We’ve suspected and feared as much. Now authorities are confirming our worst fears — the most definitive link yet between the terror attacks last November in Paris and this week in Brussels — reinforcing that the two attacks were part of a coordinated plan by ISIS against Europe.One of the men who blew himself up Tuesday in Brussels was the bomb maker who produced two of the suicide vests used in the Paris terror attacks. The New York Times:
One of the two men who blew themselves up at Brussels Airport on Tuesday was a bomb maker who helped produce two suicide vests used in the attacks that killed 130 people in and around Paris on Nov. 13, the Belgian authorities said on Friday. He is the most definitive link so far between the two sets of attacks.
The bomb maker — Najim Laachraoui, 24, a Belgian citizen — was an accomplice of Salah Abdeslam, 26, who was captured in Belgium last Friday after a four-month global manhunt and charged with terrorist murder, officials said. Mr. Abdeslam is suspected of being the sole surviving direct participant in the Paris attacks, and his arrest appears to have accelerated the plot that culminated in the attack on Brussels, which killed 31 people.
Mr. Laachraoui traveled to Syria in February 2013. Last September, while using a false identity card, he and Mr. Abdeslam were stopped at the Hungarian-Austrian border, but not detained. He rented a house in Auvelais, Belgium, that was used by the attackers, as well as an apartment in the Schaerbeek section of Brussels that he and Mr. Abdeslam used as a bomb-making lab.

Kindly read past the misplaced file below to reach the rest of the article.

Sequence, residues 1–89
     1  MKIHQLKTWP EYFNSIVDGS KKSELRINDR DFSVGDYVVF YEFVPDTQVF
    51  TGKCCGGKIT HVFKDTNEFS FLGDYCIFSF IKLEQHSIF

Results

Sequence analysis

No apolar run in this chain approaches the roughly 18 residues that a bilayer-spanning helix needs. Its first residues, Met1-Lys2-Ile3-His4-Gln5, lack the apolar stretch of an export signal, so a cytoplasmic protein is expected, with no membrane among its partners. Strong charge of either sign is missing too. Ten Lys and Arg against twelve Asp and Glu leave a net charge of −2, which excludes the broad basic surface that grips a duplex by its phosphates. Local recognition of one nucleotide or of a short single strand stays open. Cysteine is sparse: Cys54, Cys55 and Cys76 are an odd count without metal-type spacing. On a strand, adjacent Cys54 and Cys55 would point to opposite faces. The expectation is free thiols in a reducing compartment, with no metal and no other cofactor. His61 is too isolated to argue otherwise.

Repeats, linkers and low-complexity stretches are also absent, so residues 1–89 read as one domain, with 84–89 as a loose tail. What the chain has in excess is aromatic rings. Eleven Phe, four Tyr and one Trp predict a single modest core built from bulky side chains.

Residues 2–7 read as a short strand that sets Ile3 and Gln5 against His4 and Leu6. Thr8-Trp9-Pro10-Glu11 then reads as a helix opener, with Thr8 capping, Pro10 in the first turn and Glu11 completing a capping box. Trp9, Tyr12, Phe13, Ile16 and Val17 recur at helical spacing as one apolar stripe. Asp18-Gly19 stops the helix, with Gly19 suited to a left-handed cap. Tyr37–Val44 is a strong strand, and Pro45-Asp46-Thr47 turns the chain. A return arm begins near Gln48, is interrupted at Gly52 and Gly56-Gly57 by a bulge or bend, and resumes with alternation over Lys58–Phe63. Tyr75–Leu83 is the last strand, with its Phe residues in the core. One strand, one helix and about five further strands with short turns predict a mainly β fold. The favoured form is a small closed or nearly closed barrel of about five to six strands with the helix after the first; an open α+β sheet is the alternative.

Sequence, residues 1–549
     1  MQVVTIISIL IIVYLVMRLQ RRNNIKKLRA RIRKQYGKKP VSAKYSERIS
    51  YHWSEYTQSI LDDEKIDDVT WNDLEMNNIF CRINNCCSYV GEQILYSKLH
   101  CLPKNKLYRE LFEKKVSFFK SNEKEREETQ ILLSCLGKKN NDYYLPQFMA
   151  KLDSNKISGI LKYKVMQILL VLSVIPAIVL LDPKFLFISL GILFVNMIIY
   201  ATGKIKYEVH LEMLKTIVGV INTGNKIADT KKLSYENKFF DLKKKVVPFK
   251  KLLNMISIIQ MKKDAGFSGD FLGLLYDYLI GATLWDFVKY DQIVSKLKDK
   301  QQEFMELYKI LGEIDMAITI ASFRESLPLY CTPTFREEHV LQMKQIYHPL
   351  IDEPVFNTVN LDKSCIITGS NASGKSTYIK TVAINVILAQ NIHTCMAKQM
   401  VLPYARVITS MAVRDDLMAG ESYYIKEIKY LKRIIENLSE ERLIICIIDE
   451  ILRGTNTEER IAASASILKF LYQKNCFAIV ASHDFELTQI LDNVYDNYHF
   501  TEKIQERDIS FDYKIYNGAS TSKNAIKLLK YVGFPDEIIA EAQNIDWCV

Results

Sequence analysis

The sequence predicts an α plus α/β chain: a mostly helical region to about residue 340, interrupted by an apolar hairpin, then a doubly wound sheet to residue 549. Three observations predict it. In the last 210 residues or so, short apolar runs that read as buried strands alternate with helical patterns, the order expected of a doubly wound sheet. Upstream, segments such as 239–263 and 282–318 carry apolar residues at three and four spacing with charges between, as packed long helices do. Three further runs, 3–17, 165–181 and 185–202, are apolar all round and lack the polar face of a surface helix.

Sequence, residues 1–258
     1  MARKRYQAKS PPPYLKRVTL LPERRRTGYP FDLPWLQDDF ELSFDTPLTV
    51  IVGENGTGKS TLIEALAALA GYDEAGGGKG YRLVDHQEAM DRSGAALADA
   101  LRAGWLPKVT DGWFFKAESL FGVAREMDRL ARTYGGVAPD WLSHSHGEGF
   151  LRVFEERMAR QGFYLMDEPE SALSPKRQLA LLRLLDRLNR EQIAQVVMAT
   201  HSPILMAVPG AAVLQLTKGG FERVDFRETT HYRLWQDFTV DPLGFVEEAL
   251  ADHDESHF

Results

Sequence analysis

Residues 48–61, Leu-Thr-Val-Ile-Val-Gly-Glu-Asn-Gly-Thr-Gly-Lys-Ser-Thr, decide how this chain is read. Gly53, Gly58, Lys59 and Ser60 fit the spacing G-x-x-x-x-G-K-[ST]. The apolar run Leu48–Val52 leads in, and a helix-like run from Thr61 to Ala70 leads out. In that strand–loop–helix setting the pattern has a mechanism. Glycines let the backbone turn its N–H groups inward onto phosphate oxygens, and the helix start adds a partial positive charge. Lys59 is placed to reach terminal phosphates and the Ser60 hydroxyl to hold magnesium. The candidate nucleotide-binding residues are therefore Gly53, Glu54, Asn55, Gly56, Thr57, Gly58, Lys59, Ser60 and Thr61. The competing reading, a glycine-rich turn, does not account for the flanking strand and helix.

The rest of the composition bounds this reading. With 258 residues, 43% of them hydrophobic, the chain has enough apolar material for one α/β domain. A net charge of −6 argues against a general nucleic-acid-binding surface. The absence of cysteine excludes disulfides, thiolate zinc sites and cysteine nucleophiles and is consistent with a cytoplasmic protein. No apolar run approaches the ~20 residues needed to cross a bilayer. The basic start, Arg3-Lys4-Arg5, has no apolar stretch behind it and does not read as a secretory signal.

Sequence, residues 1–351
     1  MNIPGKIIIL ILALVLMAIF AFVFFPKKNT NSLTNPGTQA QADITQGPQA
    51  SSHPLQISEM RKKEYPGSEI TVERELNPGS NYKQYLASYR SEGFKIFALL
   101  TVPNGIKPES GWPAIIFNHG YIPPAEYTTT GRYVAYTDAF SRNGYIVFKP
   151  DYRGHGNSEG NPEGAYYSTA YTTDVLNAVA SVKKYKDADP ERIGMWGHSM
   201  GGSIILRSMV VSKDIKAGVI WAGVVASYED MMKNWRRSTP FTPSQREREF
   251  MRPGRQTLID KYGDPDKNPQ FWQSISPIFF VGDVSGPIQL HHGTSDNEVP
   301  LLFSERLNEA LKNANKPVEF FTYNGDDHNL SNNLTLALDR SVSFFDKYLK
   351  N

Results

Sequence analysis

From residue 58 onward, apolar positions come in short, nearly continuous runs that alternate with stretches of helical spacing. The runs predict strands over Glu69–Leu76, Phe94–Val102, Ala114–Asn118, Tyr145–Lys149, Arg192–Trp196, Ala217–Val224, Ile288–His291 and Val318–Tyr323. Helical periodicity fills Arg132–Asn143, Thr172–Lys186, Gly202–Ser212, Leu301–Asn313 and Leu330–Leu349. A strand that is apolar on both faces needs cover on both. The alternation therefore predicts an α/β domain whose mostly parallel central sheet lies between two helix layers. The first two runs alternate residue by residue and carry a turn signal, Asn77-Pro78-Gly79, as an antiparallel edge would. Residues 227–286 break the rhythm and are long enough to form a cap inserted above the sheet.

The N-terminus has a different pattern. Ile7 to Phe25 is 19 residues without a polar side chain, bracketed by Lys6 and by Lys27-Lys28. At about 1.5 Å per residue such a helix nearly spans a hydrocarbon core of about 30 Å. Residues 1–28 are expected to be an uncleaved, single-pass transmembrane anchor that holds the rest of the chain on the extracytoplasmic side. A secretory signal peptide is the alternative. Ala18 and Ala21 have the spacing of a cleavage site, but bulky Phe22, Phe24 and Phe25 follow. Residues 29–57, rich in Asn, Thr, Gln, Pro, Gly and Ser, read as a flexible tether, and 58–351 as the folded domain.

On Monday — three days after Mr. Abdeslam was captured in Molenbeek, the Brussels neighborhood where he grew up — the authorities asked for help finding Mr. Laachraoui.
But it was too late. At 7:58 a.m. on Tuesday, he blew himself up at Brussels Airport, along with another suicide bomber, Ibrahim el-Bakraoui, 29.
News agencies had widely reported Mr. Laachraoui’s death, but officials awaited DNA results before confirming the news. On Friday, the federal prosecutor in Brussels confirmed the death, and also disclosed that Mr. Laachraoui’s DNA had been found on suicide vests that were set off at the Stade de France, north of Paris, and in the Bataclan concert hall in Paris, on Nov. 13.
Mr. Laachraoui was one of several central figures linking the Paris and Brussels attacks.
This confirmation highlights a number of major concerns we face in this war against radical Islamic terror in general — and ISIS in particular. While the group is indeed encouraging “lone wolf” attacks, the group also continues to coordinate efforts via a web of terror cells. Clearly, that is already happening in Europe; in fact, as we reported the other day, ISIS has hundreds of trained fighters poised to strike in a wave of attacks.
And, of course, it’s now well-known that ISIS has access to passports they can use to create fake identification, which helps members move easily across borders — as it now appears both Laachraoui and Abdeslam did last September as they returned from Syria.
As we have discussed at length, the Syrian refugee crisis is being exploited by ISIS — aided by fake identification and well-known gaps in vetting — to more easily infiltrate both Europe and the United States. And politically-correct leaders in both Europe and the United States are eating out of their hands.
Somehow, these leaders have lost sight of the real and growing humanitarian crisis ISIS is perpetrating against its increasing number of terror victims, the latest being those 59 dead, and hundreds injured, in Brussels and Baghdad just this week.
Our president seems to have the attitude that a “few” lives and some blood is just to be expected — and a fair trade for not ruffling some feathers in stricter vetting and, gasp, profiling.
What’s it going to take for us to learn the lessons Europe is revealing, before it’s too late?
[Note: This article was written by Michelle Jesse, Associate Editor]